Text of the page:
Tag: ubuntu

Upgrading to Ubuntu 24.04

Didn’t go smoothly. I was on 22.04 I believe and I decided to upgrade without waiting for 24.04.1. It was a mistake. I started the upgrade with do-release-upgrade -d, but way too soon I ran into a very nasty crash screen telling me “Oh no! Something has gone wrong and the system can’t recover”.

Aside. I personally hate these “friendly” additions like “Oh no!” Fuck off? My system just crashed, I’m pissed and the last thing I need now is some linux dev who thinks they know how to be friendly rubbing it in.

The way to fix it for me was: first reboot and choose recovery mode in the Grub menu. Once recovery mode is on, enable network then drop into a root terminal. Run dpkg --configure -a to fix whatever was interrupted. After reboot it should boot all right (at least the GUI would work).

However the network was still broken. I could ping so the connection itself was alive, but nothing could be resolved. Turns out the installation removed the resolve component of systemd. Luckily for me sudo apt-get install systemd-resolved could install it back and that solved the connection issue.

At this point the system seems to be functioning properly (nothing is obviously broken other than Thunderbird for some reason getting removed from my dash), but I don’t know if the interrupted install broke anything nor how to check if anything is broken or in an uexpected state.

Mounting folders as Docker volumes

When trying to pass data between a Docker container and the host, using ADD in the Dockerfile might be sufficient at first. However, it’s one way, get burned in the image and so very inflexible.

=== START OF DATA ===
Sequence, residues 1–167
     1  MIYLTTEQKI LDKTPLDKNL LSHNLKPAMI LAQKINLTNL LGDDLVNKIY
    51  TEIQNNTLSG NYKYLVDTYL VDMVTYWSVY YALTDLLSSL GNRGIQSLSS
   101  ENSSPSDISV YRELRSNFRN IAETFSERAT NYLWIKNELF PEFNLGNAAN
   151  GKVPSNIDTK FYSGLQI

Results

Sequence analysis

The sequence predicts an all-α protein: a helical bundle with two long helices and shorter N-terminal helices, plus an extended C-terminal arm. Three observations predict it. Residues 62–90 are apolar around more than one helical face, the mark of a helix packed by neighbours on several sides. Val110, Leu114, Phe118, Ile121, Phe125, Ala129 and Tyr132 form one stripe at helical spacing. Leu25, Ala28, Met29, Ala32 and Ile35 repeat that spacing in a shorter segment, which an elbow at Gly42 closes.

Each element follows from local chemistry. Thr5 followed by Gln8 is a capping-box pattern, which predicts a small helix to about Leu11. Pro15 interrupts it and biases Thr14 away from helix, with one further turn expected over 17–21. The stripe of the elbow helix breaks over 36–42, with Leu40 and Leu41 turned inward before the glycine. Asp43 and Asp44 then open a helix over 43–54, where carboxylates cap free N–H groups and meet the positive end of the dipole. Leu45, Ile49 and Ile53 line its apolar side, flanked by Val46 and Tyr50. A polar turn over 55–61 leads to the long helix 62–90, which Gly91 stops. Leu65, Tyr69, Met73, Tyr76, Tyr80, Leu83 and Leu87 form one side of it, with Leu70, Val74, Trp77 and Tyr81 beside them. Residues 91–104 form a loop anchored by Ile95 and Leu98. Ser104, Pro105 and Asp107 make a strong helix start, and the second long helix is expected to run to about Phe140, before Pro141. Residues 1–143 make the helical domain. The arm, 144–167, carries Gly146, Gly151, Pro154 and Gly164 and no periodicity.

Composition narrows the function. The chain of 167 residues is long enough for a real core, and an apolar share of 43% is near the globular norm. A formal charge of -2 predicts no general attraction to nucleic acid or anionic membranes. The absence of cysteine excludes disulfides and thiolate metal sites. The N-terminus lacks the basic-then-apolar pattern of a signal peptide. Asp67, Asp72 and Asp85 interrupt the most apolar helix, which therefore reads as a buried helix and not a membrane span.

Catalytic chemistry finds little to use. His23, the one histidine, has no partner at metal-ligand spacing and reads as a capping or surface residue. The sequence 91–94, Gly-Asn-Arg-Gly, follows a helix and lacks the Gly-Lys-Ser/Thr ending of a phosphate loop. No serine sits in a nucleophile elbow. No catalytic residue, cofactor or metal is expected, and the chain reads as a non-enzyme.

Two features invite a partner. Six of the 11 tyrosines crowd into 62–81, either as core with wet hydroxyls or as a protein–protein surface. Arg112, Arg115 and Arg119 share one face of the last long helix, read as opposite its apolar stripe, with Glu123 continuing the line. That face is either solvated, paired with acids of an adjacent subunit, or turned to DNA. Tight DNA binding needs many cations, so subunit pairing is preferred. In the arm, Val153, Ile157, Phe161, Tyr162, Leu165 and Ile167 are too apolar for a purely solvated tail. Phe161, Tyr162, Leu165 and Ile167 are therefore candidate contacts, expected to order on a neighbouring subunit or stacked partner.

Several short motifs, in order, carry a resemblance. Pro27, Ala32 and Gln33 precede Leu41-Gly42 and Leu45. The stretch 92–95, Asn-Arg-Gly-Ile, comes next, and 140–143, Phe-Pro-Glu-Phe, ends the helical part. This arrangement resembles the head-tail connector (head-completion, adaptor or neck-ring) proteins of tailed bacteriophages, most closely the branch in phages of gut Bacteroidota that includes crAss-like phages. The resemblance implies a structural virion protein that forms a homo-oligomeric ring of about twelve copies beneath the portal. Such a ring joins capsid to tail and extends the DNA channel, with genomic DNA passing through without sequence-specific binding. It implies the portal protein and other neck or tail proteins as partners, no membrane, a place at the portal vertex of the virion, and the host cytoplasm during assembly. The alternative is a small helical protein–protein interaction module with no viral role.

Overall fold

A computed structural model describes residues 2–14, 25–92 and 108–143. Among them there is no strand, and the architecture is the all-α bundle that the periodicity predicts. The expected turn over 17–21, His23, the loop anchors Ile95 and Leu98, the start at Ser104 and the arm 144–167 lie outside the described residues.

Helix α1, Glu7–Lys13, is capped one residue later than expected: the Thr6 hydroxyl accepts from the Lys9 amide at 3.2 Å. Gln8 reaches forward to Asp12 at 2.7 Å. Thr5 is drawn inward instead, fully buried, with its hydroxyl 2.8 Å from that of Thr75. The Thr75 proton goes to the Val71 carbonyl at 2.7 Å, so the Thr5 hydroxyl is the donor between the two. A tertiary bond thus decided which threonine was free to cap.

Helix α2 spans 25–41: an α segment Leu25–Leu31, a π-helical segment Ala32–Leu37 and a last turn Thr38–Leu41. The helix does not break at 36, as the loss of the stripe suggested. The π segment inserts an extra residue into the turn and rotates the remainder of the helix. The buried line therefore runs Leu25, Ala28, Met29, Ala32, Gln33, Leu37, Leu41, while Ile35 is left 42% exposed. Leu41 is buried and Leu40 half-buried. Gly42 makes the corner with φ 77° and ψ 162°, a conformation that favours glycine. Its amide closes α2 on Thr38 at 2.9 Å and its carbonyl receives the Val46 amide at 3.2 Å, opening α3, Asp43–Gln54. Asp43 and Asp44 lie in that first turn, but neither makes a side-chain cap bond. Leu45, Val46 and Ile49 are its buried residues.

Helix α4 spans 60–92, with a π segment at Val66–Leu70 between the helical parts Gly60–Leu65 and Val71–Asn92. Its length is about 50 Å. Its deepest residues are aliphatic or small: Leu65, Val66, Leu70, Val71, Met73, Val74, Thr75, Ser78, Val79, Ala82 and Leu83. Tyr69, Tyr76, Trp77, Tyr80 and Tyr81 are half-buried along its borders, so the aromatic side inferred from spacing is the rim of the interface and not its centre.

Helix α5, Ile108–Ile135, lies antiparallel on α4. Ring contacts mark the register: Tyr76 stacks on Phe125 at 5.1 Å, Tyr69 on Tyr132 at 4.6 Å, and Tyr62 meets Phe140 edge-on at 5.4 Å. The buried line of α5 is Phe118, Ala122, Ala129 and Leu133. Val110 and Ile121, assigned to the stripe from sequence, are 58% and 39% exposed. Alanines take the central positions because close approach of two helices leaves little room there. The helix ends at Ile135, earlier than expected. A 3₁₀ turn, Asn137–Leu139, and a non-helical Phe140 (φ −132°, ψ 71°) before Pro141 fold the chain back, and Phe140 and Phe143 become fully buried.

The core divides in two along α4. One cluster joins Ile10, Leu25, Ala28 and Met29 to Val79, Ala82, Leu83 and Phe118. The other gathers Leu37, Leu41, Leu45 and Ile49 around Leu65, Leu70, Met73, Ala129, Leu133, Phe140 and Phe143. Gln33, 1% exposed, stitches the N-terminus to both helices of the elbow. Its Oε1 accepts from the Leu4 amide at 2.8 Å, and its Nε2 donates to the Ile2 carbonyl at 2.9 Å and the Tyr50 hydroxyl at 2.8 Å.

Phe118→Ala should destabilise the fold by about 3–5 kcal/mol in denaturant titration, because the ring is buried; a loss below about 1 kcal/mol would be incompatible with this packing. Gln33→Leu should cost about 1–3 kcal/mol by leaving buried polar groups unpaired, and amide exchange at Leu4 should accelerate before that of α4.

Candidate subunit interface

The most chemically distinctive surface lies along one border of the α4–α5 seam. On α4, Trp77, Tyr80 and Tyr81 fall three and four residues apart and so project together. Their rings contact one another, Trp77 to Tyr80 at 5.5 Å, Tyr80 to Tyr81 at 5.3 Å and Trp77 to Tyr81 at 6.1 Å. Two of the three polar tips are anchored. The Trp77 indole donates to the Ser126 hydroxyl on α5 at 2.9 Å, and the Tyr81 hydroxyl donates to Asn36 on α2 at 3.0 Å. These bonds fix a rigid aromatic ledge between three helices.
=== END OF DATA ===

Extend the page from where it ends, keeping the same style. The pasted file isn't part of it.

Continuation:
The usual solution is to mount folders using docker‘s -v option. It’s simple, easy to use and pretty reliable. Just add -v "$(pwd):/root" and the current folder will be mounted to the /root folder in the container.

Using volumes is nice because they’re (can be) two way and (can) sync in real-time. Now you don’t need to rebuild your image every time you fix a typo. -v has pretty deep configuration options too, in case you want to go down the rabbit hole.

Ubuntu 18.04 L2TP IPsec VPN

Occasionally I work from home, and access to certain development resources is restricted to either the office IP or the use of a secure VPN. Since everyone uses Macs or Windows at the office there are no manuals or guides to set it up on linux, so I had to figure stuff out myself.

First of all, Ubuntu doesn’t have L2TP support out of the box currently, but luckily Ask Ubuntu has plenty of questions on the topic. Apparently L2TP was removed at 16.04 for some dependency reason, and replaced with a package called StrongSwan. Luckily it’s in the main repository, so it can be installed without much hassle. (However, I tried it on 18.04 and I was unable to add a VPN as the Save/Apply button simply wouldn’t work.)